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The Legal Metaphor in Marxism-Leninism: A Comment on Some Questions Raised in Professor G. Codevilla's Article

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The following remarks are written by a political theorist who makes no claim to expert knowledge in the field of socialist jurisprudence or legal philosophy. They are prompted, however, by the attempt of a Professor of Socialist Law to answer certain questions of political and ideological history?and indeed, indirectly, of political theory?by reference to a comparative historical study of socialist legal systems. For Professor Codevilla poses the question of the origin of the "Soviet conception of freedom", proposing to contribute to an answer by an analysis made "from a legal point of view". But, more ambitiously still, he then argues that having dealt with this question "we shall be in a position to answer a related question, that of whether or not there is a possibility of a radical change in the Marxist-Leninist conception of human rights within the Soviet Union, with a consequent shift towards democratization". It is, in my opinion, extremely doubtful whether such a question could even in principle be answered on the basis of the kind of conceptual history undertaken by the author. Be that as it may, he does in any case explicitly take up, in his paper, problems which fall within the scope of activity of a political theorist, and it is on this basis and for this reason that I venture to offer some comments on the theoretical presuppositions which underlie his essay.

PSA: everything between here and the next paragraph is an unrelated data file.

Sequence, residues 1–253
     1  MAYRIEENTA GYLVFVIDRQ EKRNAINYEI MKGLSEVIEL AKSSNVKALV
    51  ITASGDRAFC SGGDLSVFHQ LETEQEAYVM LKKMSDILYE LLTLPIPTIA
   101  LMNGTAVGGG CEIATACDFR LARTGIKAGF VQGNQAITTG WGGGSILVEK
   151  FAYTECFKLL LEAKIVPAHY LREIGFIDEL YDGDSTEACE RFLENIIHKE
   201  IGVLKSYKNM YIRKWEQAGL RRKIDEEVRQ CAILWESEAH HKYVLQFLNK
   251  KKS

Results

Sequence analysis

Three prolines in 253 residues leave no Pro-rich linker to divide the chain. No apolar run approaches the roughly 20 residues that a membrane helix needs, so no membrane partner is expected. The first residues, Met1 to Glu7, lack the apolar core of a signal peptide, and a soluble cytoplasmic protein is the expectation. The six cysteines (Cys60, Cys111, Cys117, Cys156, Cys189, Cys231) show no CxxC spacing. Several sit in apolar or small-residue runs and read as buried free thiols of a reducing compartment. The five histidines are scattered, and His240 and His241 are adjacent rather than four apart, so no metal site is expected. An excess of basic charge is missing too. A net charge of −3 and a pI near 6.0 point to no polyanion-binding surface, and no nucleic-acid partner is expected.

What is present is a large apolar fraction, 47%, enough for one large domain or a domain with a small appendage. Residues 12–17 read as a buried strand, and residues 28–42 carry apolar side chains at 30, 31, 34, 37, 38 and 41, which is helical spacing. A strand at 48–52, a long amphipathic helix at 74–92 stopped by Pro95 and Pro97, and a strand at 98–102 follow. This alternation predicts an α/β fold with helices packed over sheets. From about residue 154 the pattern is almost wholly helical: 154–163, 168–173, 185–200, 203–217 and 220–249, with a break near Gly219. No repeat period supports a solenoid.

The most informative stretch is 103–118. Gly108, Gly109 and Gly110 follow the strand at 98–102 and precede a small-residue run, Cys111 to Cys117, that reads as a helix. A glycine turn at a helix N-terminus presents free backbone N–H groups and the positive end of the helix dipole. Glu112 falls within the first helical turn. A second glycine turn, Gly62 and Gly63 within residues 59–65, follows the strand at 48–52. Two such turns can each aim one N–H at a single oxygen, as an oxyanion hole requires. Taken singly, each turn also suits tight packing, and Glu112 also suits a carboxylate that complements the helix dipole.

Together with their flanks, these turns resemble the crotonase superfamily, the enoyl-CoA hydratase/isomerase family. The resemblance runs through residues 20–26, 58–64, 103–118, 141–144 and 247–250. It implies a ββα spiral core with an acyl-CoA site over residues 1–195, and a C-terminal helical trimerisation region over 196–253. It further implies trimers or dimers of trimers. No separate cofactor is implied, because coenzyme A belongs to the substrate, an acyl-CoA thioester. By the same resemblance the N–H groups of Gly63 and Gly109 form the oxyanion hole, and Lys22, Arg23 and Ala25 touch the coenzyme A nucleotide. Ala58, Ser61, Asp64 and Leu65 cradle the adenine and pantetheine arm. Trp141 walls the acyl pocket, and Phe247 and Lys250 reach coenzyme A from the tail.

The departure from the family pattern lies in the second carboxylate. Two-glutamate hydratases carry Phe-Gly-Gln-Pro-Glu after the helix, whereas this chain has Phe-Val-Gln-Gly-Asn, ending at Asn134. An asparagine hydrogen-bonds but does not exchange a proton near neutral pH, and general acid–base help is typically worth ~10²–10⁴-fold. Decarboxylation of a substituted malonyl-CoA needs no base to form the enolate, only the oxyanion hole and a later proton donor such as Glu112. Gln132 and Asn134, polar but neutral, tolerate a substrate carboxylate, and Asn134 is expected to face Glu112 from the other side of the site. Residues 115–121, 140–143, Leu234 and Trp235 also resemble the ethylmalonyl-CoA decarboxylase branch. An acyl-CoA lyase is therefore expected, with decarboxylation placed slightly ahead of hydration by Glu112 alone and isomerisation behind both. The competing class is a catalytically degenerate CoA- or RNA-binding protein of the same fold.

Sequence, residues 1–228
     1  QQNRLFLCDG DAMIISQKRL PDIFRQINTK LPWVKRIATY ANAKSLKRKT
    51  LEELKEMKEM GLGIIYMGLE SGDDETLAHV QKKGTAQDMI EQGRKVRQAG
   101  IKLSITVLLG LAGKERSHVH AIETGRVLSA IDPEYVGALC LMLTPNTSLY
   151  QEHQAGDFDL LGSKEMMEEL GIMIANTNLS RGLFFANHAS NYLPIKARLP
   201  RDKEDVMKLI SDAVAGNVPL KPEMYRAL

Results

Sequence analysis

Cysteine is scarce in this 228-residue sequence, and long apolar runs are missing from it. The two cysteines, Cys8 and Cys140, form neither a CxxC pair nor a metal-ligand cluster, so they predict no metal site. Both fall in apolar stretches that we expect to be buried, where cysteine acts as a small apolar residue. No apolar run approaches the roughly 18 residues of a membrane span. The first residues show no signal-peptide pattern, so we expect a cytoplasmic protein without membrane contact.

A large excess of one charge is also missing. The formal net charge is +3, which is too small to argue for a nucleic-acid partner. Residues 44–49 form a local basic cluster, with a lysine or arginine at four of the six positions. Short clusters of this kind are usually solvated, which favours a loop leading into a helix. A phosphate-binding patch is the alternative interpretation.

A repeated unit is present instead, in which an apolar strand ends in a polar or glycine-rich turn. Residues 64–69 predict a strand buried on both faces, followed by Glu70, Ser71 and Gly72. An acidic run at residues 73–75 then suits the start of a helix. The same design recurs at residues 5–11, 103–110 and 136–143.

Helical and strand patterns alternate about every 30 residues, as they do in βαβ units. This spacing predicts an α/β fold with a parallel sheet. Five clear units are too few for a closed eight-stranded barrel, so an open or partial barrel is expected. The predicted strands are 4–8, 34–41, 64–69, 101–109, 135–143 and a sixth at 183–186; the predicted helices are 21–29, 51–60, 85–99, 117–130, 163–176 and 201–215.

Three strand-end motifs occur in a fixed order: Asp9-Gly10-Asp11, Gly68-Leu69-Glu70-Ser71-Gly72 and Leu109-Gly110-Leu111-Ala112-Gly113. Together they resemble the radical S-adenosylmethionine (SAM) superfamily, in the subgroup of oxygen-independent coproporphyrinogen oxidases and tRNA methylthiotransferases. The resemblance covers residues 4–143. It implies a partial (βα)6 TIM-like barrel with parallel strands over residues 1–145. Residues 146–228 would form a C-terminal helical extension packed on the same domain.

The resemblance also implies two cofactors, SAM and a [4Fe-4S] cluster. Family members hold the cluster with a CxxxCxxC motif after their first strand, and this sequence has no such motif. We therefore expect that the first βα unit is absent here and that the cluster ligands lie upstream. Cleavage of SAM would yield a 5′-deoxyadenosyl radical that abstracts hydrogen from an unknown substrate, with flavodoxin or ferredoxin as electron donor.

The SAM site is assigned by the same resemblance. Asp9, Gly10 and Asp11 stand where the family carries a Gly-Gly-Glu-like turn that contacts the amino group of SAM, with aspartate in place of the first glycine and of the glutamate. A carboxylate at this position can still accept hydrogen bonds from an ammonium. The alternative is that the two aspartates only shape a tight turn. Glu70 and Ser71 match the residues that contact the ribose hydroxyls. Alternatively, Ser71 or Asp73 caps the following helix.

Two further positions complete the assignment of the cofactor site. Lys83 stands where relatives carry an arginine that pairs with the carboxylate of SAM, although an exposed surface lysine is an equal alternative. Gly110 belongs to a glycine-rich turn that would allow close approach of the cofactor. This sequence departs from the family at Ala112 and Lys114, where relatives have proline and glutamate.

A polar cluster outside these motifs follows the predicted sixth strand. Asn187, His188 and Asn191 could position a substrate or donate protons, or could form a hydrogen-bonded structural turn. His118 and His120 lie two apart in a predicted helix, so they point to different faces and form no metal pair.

Affiliations: 1: Faculty of Law, University of Leyden


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